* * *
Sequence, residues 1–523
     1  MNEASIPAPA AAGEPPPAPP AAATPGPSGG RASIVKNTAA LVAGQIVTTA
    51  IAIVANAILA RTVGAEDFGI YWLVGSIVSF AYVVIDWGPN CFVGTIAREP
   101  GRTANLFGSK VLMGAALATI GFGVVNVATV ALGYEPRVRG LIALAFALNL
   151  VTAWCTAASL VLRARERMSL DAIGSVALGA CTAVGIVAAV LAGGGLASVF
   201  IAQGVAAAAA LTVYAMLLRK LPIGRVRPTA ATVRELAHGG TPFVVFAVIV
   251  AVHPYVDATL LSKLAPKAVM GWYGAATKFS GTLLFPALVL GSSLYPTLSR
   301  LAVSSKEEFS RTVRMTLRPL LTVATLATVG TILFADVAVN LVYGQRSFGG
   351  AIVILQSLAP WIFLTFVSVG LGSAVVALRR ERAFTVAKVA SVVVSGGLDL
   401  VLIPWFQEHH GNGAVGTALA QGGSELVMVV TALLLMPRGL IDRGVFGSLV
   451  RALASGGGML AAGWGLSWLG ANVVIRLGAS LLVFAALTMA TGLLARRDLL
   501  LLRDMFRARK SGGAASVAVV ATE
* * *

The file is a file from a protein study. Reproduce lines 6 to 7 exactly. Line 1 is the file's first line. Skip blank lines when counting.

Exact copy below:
   201  IAQGVAAAAA LTVYAMLLRK LPIGRVRPTA ATVRELAHGG TPFVVFAVIV
   251  AVHPYVDATL LSKLAPKAVM GWYGAATKFS GTLLFPALVL GSSLYPTLSR